The fact that M-Commerce has a large potential for development has in the meantime become common knowledge (we reported on this subject in BLN 09/2005); Mobile Gaming in particular is attributed with considerable growth opportunities. Looking closer at all the things that are now called „Mobile Gaming“, one cannot help but think that the term has become just as dazzling, colourful and contourless as the slogan „Multimedia“ was in the 90s.
Telephone? Not that new, really
The business of accepting bets via telephone (see also article on p. 10 in this newsletter) is really not that new. However, to talk about Mobile Gaming, just because customers can now simply reach out for their cell phones, would be missing the point. It is true that the legal framework within which the telephone gaming providers are acting, corresponds in large parts to the regulations valid for applications for cell phones, PDAs and Smartphones. However, the telephone concept does not make any distinction between fixed line and mobile telephones. There is no difference whatsoever between the player placing a bet on his team’s match at home in front of his TV set or from the West stand in the stadium – except maybe that acoustic understanding is somewhat easier in a quiet living room.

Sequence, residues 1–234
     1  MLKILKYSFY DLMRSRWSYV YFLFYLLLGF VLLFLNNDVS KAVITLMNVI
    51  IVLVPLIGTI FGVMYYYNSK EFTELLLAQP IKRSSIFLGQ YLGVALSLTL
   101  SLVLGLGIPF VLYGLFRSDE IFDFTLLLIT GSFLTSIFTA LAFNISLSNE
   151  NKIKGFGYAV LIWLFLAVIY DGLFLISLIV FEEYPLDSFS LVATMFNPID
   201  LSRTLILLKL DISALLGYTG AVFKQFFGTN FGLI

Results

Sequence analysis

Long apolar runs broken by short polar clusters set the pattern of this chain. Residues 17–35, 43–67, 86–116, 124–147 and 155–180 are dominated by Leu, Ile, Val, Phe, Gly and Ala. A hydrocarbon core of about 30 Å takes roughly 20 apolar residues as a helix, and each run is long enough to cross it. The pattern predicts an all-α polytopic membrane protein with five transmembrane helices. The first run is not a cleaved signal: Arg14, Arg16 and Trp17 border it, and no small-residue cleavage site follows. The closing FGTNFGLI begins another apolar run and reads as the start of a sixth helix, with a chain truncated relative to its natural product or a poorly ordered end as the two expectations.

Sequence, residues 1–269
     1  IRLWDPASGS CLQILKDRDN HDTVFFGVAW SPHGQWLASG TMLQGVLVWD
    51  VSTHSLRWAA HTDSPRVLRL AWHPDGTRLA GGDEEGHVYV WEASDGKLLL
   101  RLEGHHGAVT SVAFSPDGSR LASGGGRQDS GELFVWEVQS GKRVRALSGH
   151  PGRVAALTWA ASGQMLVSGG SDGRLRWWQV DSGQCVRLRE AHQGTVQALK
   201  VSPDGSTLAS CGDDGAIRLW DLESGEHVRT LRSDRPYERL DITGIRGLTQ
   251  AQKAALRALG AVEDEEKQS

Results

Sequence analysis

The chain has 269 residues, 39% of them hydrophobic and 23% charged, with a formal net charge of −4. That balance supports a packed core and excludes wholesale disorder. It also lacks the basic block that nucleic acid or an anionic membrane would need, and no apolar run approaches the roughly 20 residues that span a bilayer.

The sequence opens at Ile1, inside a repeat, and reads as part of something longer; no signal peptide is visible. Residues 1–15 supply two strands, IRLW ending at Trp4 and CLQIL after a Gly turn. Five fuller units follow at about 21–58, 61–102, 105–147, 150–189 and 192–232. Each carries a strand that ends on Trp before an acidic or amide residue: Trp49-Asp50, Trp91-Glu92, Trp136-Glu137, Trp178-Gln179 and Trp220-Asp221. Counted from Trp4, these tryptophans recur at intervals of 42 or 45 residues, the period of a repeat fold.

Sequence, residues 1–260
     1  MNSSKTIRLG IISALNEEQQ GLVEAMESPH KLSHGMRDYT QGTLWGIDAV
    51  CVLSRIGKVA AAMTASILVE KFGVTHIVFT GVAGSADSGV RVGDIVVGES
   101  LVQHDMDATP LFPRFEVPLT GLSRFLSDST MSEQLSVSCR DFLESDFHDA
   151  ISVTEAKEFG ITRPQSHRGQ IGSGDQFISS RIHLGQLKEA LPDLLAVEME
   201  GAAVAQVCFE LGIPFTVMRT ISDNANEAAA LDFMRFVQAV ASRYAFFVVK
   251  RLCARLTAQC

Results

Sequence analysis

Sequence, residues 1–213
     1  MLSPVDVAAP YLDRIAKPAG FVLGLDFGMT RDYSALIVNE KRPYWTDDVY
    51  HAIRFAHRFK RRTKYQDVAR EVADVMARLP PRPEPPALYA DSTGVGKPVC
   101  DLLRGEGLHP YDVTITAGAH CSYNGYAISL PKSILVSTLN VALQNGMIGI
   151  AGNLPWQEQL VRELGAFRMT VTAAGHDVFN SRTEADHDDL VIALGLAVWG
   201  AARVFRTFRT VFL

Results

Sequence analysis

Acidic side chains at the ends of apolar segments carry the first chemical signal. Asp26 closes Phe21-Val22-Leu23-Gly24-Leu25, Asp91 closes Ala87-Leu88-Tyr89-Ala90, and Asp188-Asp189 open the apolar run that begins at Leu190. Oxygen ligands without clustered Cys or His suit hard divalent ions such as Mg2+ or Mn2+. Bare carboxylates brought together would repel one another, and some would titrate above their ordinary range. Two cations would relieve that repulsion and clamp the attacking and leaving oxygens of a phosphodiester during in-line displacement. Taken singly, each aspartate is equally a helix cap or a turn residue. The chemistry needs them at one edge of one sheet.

Mobile Gaming with a different meaning…However, even if the usual high tech components such as PDA or pocket PC are being used, the result does not necessarily have to be the concept understood by the term of Mobile Gaming. In the US State of Nevada, Assembly Bill No. 471 was passed last year, which has also become known as the „Mobile Gaming Bill“ (see also article „Nevada Takes on Mobile Gaming“ by Anthony Cabot in Casino Lawyer, Winter 2005). The legislator there hints at his idea of Mobile Gaming in Section 2 of the Bill: